The stolen breath of a rose

The+stolen+breath+of+a+rose

In the midst of a sea of green, eager, bantam feet surged towards an innocent rose.

Each foot wobbled steadily through the garden, attempting not to crush any budding leaves, and soon, the distance between the footsteps and the flower abruptly disappeared.

The child lowered herself to the flower’s level, sitting so closely that with one gust of wind, she’d fall upon its thorns. But the wide-eyed girl kept her balance and gracefully sat and stared at the flower’s stem, skating her fingers across its edges, calculating her attack.

After taking a moment to gawk at its vibrant colors and velvet touch, the naive child finally gave in to her overwhelming desire to claim the delicateness as her own and clawed at the flower’s stem, pulling it up from the ground.

Her intention was far from wicked. She was not evil nor corrupt. She simply wanted something of her own as beautiful as that rose.

Proud of her discovery, she showed off her treasure to the gardener.

Look! Look how pretty!

Her eyes gleamed; they were incandescent in the July sun. Her face glowed, smiling from ear to ear, clutching the finite rose like an archeologist who came across a lost bone.

The gardener’s expression lifted in response to the sound of the child’s avid voice, but it quickly fell flat as he turned around. His beloved work had been torn from the ground. Cut off. Killed.

His face sat somber, realizing the flower’s breath had been stolen.

I’ve warned you not to pick the flowers.

Well, why not? They’re pretty.

It’s selfish.

The young girl was willing to share her discoveries, so she wondered how she could ever be pinned as selfish. Willingly, she handed the agitated gardener his flower, attempting to prove her honest selflessness.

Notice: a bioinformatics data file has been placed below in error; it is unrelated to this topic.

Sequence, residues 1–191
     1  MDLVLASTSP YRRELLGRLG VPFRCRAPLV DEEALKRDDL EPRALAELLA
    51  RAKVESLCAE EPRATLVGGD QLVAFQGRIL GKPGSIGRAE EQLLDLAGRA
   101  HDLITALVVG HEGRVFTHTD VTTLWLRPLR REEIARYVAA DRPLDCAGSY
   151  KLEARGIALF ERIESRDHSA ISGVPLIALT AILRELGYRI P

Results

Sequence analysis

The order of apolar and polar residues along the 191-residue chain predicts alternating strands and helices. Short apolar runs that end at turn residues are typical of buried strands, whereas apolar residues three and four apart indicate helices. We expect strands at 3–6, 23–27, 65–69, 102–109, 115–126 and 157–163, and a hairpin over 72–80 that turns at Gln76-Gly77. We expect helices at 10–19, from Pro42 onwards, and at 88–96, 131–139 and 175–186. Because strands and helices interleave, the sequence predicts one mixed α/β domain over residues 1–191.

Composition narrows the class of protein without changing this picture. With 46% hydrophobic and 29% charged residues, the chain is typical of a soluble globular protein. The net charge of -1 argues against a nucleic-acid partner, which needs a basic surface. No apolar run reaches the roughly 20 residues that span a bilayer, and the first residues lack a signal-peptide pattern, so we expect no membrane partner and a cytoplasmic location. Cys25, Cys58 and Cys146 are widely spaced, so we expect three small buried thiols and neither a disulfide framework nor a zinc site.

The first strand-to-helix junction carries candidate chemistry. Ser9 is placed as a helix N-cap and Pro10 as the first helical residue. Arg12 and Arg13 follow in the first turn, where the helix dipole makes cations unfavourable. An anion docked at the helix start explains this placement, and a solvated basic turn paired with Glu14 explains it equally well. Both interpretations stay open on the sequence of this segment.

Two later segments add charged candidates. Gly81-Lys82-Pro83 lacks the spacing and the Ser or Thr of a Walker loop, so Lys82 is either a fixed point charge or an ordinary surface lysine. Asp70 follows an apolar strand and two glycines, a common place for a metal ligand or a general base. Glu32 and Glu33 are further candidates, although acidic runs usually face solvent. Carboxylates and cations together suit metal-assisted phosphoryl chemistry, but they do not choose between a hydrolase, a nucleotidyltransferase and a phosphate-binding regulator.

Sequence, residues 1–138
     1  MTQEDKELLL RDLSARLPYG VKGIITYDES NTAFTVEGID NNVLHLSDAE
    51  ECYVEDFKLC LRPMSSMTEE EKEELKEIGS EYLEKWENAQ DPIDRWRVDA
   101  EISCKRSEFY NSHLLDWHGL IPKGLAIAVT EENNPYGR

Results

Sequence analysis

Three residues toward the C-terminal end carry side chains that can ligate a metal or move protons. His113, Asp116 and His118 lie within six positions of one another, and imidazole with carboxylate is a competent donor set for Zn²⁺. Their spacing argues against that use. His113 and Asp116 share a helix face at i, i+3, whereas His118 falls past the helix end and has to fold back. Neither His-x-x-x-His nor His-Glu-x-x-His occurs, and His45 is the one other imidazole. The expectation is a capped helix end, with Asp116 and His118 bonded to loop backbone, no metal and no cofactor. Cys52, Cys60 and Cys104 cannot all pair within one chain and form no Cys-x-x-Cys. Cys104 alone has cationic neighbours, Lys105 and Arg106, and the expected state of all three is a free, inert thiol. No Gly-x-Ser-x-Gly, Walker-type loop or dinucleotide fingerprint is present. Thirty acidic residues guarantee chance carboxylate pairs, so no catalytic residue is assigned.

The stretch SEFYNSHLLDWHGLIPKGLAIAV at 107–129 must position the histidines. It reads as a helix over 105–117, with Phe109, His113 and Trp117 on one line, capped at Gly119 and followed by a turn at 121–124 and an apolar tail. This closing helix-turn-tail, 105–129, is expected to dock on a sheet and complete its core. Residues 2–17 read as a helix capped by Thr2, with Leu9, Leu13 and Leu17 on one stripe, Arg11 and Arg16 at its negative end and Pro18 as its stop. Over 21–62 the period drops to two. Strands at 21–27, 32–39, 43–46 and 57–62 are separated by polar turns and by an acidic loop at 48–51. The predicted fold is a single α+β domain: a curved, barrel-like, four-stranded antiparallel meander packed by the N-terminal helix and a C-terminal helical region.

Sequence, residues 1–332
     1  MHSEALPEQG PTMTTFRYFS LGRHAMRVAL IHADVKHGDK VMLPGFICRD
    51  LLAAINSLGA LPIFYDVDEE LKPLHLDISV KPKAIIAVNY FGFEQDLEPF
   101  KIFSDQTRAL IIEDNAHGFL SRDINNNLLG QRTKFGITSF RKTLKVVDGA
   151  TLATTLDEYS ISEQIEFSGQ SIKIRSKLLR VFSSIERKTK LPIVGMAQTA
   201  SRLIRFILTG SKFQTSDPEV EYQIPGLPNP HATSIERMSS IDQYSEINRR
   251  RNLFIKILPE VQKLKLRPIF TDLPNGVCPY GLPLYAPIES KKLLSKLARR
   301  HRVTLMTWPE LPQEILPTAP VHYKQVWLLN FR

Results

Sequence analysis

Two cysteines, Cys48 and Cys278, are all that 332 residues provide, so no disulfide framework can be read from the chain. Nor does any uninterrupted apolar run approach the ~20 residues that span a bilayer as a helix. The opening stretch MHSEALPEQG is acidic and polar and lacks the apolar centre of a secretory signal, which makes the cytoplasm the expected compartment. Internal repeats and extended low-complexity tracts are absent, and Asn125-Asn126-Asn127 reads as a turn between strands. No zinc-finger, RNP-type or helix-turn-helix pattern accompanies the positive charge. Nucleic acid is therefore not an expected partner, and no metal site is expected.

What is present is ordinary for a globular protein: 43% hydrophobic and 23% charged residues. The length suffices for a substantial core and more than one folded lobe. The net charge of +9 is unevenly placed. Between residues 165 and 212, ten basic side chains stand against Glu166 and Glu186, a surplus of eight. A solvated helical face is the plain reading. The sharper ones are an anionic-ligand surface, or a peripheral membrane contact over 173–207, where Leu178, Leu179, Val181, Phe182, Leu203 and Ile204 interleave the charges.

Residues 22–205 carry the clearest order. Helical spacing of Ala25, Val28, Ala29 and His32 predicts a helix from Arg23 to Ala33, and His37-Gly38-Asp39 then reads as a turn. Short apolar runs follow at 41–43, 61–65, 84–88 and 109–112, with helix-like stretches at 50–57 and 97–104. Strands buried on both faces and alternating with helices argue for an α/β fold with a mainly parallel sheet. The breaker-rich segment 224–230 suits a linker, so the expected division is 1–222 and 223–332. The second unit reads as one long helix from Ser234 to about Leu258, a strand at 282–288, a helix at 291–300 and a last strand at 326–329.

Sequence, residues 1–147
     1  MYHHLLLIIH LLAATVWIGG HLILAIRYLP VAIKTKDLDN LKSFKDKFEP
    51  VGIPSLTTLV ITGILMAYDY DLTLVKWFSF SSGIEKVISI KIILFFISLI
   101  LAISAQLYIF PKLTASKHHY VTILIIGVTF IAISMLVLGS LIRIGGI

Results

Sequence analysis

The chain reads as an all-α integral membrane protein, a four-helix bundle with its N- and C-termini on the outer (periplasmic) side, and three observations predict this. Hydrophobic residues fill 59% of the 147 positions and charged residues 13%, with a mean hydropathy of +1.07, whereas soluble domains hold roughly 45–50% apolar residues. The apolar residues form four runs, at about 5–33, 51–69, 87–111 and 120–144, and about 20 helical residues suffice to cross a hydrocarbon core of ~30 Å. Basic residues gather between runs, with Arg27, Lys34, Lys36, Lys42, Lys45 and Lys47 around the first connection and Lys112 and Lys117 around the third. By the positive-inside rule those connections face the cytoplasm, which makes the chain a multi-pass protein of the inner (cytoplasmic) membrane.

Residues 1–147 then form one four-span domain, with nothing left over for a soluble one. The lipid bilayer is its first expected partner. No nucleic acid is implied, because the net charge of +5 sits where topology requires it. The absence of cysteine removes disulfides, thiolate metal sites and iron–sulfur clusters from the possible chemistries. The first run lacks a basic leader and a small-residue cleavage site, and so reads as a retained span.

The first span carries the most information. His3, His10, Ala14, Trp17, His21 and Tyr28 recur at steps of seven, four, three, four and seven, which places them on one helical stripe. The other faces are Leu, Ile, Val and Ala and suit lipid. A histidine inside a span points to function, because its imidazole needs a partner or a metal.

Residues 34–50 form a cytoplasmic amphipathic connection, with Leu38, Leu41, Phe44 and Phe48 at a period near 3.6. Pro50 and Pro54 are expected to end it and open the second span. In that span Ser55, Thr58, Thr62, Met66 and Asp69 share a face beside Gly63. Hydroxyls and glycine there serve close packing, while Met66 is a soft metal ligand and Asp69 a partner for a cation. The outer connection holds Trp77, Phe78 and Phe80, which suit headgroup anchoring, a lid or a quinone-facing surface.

He bitterly snatched the rose from her delicate fingertips, and she ran off, guiding herself away from the unwelcoming land.

Little did she know, her innocent desire for the rose’s beauty allowed for it to bask in the sun, but as soon as her hands reached for its stem, taking control of its grace, it began to wither.”

Little did she know, the thorns of the rose left a jagged mark on her pure hands as they were snatched away, digging deep into her skin, as if it was the rose’s way of telling her “remember me.”

Little did she know, the gardener sat solemnly in his personal jungle, quietly mourning the rose’s death. Its breath, stolen. Its petals, weeping.

Its life, limited.

Little did she know, her innocent desire for the rose’s beauty allowed for it to bask in the sun, but as soon as her hands reached for its stem, taking control of its grace, it began to wither.

Because a flower cannot live a life in possession.

Thus the gardener always tells the children,

If you love something, let it be.

The children hear him but never listen.